For the second idea, I was extremely excited to use the Fleen software that I had recently discovered. What made this all the more special was that this software was created by a fellow artist. The program was written with the sole intention of making art.
The program is based on an algorithm that begins with a root shape. This shape is subdivided into smaller copies of itself in increasing steps. In this case, I am also invoking a special rule of using alternate tessellation patterns is also incorporated. This creates patterns on a large hexagon (the root shape) that is continually subdivided in a variety of predetermined patterns, which in turn possess their own sub-divisions.
These sub-patterns, called metagons, are created when the root shape is divided into smaller pieces. Each metagon can be further divided in a number of ways. These permutations of sub-divisions are recorded by the algorithm in a grammar bank. When run, the algorithm references the grammar to create new patterns. The complexity and permutations described in the grammar directly affect the complexity of the final outcome. Metagons can also be modified to indicate a preference for a particular subdivision. The influence of these preferences results in patterns that look less random. While there is a certain degree of control in describing the grammar, the final outcome is mostly determined by chance.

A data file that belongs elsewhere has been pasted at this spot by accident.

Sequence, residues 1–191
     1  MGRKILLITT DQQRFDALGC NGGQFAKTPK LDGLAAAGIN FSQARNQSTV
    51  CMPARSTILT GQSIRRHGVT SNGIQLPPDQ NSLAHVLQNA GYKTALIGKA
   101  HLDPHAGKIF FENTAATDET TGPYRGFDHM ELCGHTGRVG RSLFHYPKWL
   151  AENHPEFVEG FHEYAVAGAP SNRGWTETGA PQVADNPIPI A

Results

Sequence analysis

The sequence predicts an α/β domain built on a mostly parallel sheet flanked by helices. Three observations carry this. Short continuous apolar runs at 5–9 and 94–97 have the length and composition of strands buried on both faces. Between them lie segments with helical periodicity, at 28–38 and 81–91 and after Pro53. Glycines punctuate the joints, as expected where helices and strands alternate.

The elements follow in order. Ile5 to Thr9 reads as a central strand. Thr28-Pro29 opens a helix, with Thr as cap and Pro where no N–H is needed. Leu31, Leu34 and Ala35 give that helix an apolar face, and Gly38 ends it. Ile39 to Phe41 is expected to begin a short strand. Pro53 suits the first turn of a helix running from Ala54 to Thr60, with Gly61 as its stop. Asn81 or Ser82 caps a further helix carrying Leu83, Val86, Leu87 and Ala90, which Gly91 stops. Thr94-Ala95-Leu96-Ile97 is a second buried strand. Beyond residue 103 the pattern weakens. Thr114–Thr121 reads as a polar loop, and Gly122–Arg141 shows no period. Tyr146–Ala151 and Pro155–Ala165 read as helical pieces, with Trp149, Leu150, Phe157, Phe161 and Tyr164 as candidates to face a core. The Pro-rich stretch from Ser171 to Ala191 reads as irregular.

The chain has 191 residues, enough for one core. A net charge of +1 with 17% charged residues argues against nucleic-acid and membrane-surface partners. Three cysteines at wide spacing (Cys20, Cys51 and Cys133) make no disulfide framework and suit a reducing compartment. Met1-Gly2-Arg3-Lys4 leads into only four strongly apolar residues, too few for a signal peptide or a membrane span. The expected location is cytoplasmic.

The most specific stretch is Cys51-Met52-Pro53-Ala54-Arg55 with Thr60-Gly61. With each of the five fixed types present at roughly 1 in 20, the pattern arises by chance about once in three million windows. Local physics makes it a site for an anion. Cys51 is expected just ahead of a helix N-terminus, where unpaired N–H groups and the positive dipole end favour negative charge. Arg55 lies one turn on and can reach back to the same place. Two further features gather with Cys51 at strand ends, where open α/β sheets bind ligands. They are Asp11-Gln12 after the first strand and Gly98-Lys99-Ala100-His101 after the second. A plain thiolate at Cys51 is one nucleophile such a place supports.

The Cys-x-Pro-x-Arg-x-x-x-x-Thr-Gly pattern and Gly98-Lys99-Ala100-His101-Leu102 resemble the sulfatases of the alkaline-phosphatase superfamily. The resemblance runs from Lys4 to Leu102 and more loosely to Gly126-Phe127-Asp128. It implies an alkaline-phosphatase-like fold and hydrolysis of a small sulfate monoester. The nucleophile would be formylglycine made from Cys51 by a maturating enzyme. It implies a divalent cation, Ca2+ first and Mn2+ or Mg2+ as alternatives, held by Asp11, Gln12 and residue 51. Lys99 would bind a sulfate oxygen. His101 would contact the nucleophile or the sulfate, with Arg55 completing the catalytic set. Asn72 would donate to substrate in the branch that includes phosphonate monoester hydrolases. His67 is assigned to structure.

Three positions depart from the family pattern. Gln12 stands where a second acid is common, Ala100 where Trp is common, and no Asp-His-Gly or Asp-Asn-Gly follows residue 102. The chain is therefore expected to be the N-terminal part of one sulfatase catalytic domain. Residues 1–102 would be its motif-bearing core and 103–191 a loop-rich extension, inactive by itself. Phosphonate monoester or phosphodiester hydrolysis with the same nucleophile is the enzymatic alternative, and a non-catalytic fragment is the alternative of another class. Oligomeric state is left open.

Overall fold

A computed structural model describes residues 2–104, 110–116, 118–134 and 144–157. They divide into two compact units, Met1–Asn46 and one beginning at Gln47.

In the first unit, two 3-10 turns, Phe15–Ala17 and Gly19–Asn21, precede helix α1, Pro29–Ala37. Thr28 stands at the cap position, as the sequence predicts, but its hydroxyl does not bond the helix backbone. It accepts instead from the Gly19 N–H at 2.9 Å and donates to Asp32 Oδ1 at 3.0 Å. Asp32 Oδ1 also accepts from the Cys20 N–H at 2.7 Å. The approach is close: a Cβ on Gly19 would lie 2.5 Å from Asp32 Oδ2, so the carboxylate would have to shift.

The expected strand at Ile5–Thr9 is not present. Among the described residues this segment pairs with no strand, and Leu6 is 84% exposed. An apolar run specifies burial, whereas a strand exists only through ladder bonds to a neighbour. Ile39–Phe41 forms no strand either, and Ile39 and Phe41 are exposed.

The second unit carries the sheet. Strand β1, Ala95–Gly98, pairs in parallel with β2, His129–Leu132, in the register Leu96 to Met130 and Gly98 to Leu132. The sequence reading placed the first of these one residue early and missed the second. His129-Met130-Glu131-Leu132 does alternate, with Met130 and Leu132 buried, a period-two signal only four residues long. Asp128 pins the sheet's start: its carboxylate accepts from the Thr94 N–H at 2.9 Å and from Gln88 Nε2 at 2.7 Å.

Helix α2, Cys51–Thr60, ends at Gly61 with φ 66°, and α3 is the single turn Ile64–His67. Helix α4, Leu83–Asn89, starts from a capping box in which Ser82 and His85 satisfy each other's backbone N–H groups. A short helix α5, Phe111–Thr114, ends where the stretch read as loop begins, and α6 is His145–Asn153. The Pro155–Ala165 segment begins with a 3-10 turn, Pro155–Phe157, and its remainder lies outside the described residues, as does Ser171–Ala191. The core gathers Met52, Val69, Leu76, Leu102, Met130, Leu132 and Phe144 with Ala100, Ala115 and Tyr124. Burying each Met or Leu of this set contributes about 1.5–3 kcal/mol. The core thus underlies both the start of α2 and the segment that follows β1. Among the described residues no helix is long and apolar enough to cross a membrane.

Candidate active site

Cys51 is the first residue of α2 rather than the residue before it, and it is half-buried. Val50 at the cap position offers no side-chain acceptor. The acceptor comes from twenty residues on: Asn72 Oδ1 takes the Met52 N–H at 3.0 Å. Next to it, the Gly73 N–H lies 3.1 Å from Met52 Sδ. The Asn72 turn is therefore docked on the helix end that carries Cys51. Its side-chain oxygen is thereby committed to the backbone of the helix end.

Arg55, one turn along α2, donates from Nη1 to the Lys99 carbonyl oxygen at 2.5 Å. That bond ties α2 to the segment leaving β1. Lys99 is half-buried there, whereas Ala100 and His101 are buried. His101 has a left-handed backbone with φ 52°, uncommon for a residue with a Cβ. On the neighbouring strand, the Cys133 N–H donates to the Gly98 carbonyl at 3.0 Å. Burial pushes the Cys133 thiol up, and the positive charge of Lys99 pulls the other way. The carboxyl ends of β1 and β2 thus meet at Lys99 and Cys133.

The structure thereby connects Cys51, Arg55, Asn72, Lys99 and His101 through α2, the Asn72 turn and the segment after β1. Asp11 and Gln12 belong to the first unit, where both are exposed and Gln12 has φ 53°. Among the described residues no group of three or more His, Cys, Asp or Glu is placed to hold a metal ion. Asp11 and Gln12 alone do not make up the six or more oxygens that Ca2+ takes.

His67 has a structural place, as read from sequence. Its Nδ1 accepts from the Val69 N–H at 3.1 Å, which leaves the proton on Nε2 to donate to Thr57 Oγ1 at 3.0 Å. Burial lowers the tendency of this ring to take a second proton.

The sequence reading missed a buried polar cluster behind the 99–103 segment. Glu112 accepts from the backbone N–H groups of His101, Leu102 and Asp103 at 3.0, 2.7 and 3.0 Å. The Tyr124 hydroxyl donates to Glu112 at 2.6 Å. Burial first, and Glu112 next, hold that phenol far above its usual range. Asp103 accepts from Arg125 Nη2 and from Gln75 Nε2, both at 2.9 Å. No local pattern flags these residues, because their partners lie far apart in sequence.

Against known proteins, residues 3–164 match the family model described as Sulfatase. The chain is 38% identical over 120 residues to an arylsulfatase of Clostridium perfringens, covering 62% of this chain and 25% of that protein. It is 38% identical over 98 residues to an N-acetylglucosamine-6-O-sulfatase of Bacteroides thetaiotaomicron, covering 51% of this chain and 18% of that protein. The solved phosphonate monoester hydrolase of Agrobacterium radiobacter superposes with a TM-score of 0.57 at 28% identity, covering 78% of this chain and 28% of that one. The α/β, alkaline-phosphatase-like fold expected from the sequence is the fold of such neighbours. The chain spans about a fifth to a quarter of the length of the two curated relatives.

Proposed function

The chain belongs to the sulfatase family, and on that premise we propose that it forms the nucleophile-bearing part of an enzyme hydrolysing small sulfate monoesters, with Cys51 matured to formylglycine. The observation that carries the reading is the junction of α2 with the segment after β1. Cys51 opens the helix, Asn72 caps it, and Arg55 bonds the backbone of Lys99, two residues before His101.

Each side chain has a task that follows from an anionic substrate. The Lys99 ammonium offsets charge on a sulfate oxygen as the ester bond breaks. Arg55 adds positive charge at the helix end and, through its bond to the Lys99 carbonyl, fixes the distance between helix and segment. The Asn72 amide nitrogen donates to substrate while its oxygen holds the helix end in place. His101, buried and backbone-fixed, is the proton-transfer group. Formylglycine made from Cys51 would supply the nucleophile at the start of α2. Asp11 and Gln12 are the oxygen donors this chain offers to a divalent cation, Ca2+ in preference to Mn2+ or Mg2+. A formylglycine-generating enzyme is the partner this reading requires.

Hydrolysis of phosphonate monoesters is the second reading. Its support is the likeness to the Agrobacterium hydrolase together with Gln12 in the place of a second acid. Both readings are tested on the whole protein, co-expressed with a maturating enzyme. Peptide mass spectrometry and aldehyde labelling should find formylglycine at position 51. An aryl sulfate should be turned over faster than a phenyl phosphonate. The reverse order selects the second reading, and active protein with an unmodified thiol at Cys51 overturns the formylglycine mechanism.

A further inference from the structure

After running multiple generations, I took some of them and combined them to create the final work.